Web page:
The Asian Carp Rapid Response Workgroup includes the Illinois Department of Natural Resources, U.S. Army Corps of Engineers, U.S. Environmental Protection Agency, U.S. Fish and Wildlife Service, U.S. Coast Guard, USDA Animal and Plant Health Inspection Service, Chicago Department of Environment, Metropolitan Water Reclamation District of Greater Chicago, Midwest Generation, Great Lakes Commission, Great Lakes Fishery Commission, International Joint Commission, and Wisconsin Sea Grant. Fisheries management agencies from Indiana, Wisconsin, Michigan, Minnesota, Ohio, Pennsylvania and New York are also providing support to the operation.

Additional information about the recent sampling efforts is available on the U.S. Army Corps of Engineers' website at www.lrc.usace.army.mil.

For more information about Asian carp and the Rapid Response operations on the CSSC, the public and media are encouraged to log on to www.asiancarp.org/rapidresponse. The website will be updated daily during operations with details about the project, weather delays, and other information.


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15 Comments

I don't get it. You want Carp in the Great Lakes?

FWIW I've contact all me elected reps.

Irrational fear and over heated rhetoric is always a dangerous combo. The Detroit Free Press is the worst of the bunch. Yellow journalism and fear mongering at it's absoulte worst.

Thursday 12-3-09
Used lunchtime today to get my view of the canal..

Drove over at 135th and Rt 7 for a quick view.
Nothing but a few boats cruising around.
No visual fish mass floating.
Few boats cruising around.
Maybe all the floaters were picked up over night..

Couldn't get near the command center, nor the lock!
The lock will be the best place since its the end of the line on that waterway.

Went back to 135th and walked onto the bridge.
In 30 minutes I saw (1) fish floating which i think was a yellowbullhead about 2 pounds..

between myself and 4 others we saw a total of 2 fish floating below the electric barrier..

The one I saw had drifted thru the barrier area..
He was probably above the barrier when he died......

Rob

Mark
The issue isn't whether we want Asian carp in the Great Lakes. Nobody does. The bogus SHOUT of fear is being used to justify an unjustifiable expenditure of time, resources and money on an untenable project.

create jobs out of this- carp fisherman- pay people to catch them-5 cents per pound- before long they would become an endangered species perhaps - hence problem solved- helps the economy and lord knows when there's money involved everyone wants a piece of the pie. Use the dead carp for cat food or fertilizer- oh wait- too late now...they are tainted with poison- someone needs to start thinking logically for once- stop throwing poisons and pesticides around-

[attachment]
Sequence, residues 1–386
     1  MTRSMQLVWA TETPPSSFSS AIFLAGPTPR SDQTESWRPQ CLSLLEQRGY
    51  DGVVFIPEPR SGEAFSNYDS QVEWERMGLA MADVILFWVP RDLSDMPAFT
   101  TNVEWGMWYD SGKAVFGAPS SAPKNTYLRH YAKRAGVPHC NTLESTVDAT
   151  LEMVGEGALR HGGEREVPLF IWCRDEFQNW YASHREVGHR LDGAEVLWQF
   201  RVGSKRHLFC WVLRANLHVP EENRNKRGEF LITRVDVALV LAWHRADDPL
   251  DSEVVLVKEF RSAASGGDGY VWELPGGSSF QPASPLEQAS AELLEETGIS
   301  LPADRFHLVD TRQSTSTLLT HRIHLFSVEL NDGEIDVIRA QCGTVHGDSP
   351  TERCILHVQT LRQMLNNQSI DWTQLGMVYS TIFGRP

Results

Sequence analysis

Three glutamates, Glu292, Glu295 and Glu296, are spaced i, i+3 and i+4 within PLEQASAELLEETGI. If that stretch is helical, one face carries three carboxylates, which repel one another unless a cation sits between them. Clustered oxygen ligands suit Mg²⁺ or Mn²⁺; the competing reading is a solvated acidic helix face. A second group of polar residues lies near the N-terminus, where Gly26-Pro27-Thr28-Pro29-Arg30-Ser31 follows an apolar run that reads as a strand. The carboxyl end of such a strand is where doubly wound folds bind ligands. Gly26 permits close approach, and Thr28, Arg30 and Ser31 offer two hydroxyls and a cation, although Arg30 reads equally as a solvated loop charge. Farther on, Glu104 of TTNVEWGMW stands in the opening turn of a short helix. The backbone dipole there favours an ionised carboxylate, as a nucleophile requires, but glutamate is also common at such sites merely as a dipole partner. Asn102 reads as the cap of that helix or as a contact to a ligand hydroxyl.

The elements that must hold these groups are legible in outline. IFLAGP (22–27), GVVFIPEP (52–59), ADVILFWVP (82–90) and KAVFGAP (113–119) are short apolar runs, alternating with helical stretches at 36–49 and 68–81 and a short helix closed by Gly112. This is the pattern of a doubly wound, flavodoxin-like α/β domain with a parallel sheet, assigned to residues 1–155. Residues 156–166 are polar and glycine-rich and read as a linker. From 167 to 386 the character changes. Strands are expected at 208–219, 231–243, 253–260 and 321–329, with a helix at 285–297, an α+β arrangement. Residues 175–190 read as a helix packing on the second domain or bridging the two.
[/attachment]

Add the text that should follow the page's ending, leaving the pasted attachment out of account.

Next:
And now the State of Michigan is threatening to sue Illinois if the Asian carp get into the Great Lakes. Can we then sue the State of Arkansas? The carp were originally brought in for their fish farms.

Despite all of the education most of us receive, this is enough proof for me that we (humans) are a part of the world's dumbest race.

I feel you, Dale.

I'm off tomorrow, might take the drive down there to see what's up in later afternoon. If figure that if I cannot get near the site, I've got one of my favorite Pike spots nearby on the DPR.

Don't be a luddite!. The ship canal is chicago's sewer pipe to the illinois river. So what if they have to kill a few of the fish there, it is only a temporary fix. The fish will return in a few years, so will the asian carp. The cost of the poisoning operation is trivial compared to the damage that will be done to the great lakes if the carp gets there. This is the ecological cost of chicago disposing of its waste on downstate illinois. Just dumping it downstream doesn't work so good on a lake does it? The cost of the fish poisoning and the electric barrier is just part of the cost of Chicago's waste disposal. Sometimes the "waste" goes upstream too, deal with it.

I totally agree with Dale. This is not going to solve the problem. Nature has a way of adapting and overcoming. The only true way that this can be solved is to return the Chicago river back to the way God made it. This presents a couple of problems, economic impact to the shipping industry and Chicagoans will have to look at all thier trash and sewage going into the lake, the way the poor folks in Central Il have looked at it coming down the Il riv. There is a commercial fishery on the Il riv but the price per lb and the distance they have to haul them doesnt make it an attractive venture. Lets get the feds to put a .20 per pound bounty on them and see what happens. BTW- that omega 3 fish oil everybody eats, comes from the asian carp on the Il riv.

Seperate the cost of this project for one second, and look at the long term effects of what these fish can do. Many of the comments I've read in other posts aren't what I'd consider from the sport fishing community, but rather comments on what appears to strictly be a waste of gov't. money. First of all, the fish in that waterway that were killed are "rough" fish - fish that aren't targeted and consumed by fisherman in the first place. (And please folks, spare me the "but people like to catch these fish too" speach...) Second, you'd have to be out of your freakin' mind to eat ANY fish out of the shipping canal in the first place so don't worry about it!